Over the years, I’ve been involved in large and small software development projects that have used many different process models (Waterfall, Incremental, Iterative, etc.). These experiences have led me to my present day use of the agile SCRUM model of software development, which is a combination of both iterative and incremental methodologies.
I’ve used SCRUM to develop enterprise applications for large client sites and learned a few giant lessons along the way. Take a trip with me up the SCRUM beanstalk and see what I learned from one particularly giant client.
Good intentions don’t always amount to a bag of beans.
Before starting the project, I went through a lengthy and in-depth analysis with the client. Part of that analysis included a pitch about using SCRUM as the development process. We explained SCRUM to the client, noting that they would be able to see the scheduled SPRINTS and requirements in the SCRUM tool as well as enter issues and bugs directly during testing.
The client was on board with the idea in a big way and then Fe… Fi… Fo… SCRUM, issues started being logged. I spent a lot of time explaining the difference between urgent and high priority issues and working to avoid being crushed under the giant pile of issues and feature requests.
The result: We created a more formal triage process for issues before passing them off to developers. A little pain will result in a big gain for an internal SCRUM process.
If the beanstalk is the project, then change requests are the giant’s club.
The “upside” to SCRUM is that because you break functionality into shorter development cycles, or SPRINTS, you get to show progress to your client early and often.
The “downside” to SCRUM is that because you break functionality into shorter development cycles, you get to show progress to your client early and often. Once we started delivering components to the client for testing, a frenzy of urgent priority “bugs”, or what I like to call “feature creepers”, started coming in.
To be perfectly honest, there are always a few urgent bugs needing attention, but this client was really having “requirements remorse”. They started saying, “Shouldn’t it work this way instead?” or “Wouldn’t it be nice if it did this or that?” They forgot the work of the analysis and BEHOLD, change requests are born.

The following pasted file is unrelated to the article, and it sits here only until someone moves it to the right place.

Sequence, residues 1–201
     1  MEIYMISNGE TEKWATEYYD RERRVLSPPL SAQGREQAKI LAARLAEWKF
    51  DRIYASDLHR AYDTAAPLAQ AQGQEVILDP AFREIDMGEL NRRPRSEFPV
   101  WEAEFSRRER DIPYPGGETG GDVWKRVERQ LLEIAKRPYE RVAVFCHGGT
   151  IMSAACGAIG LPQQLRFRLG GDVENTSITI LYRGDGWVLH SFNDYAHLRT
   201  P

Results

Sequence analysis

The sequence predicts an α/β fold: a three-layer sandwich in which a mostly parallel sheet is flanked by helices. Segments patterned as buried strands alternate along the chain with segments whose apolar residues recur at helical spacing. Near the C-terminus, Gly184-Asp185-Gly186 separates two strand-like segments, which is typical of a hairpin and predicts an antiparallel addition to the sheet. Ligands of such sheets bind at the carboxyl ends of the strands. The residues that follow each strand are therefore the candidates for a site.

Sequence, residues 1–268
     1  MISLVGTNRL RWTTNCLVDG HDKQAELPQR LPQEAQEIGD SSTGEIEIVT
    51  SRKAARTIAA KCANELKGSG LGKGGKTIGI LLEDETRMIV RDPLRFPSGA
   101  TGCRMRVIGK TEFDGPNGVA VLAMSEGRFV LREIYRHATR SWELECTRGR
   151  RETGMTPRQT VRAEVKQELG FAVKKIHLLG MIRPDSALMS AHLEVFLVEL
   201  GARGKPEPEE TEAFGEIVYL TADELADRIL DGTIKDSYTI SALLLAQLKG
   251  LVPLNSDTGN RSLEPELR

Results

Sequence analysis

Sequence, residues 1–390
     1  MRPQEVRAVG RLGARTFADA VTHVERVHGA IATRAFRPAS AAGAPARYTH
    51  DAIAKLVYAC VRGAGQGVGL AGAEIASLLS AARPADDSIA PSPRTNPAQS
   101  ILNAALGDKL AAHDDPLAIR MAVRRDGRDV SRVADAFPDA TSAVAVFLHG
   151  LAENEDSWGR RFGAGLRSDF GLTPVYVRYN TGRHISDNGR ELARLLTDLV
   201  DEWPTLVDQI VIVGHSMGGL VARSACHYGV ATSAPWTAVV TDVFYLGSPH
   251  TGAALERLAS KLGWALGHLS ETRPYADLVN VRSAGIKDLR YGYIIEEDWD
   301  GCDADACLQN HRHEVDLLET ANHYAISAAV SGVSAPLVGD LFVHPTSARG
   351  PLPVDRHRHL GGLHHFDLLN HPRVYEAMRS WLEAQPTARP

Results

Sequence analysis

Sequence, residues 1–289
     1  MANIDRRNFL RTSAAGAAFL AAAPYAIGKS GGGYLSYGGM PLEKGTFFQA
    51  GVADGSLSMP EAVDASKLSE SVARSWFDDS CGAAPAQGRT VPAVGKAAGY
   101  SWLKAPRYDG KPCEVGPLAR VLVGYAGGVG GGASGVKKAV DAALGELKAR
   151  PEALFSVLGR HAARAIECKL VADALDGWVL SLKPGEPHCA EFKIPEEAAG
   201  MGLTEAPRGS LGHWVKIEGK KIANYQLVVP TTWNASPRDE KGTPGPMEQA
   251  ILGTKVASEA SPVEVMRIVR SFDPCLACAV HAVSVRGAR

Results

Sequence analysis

On enterprise-sized projects, you can be tempted or even pressured to just accept these requests. Some can be included with little or no impact. Others, however, need to be included no matter what the impact. The remaining bunch, well, those can just wait. The best tool you have to determine this is thoughtful impact analysis. Even early on in the project lifecycle, small changes can have a big impact on your schedule and budget. Ensure all project stakeholders understand the impact of each change presented to you before starting the work.
The result: Planting seeds at the beginning of a project resulted in better control over the project scope, schedule, and budget.
The beanstalk is ALWAYS taller than you think.
The analysis of larger software development projects can uncover complicated requirements and business processes. In practice, it is often impossible to capture the complete set of requirements during your analysis. In fact, between 5 and 10 percent of your requirements may not be understood until you are into your development cycle. Many times, it is obvious during the analysis which requirements will be part of that 5-10 percent.
Don’t get upset or stressed about it — just plan for it. Include time in the appropriate SPRINTs (or even have a separate analysis and design SPRINT) to do additional analysis and design for those requirements at various points in your schedule.
It will be a lot easier to explain schedule and budget changes once you explain to project stakeholders that some items are still unknown and why, and that time has been scheduled to address those unknowns.
The result: A little advanced planning and explanation resulted in better management of client expectations, project scope, and budget.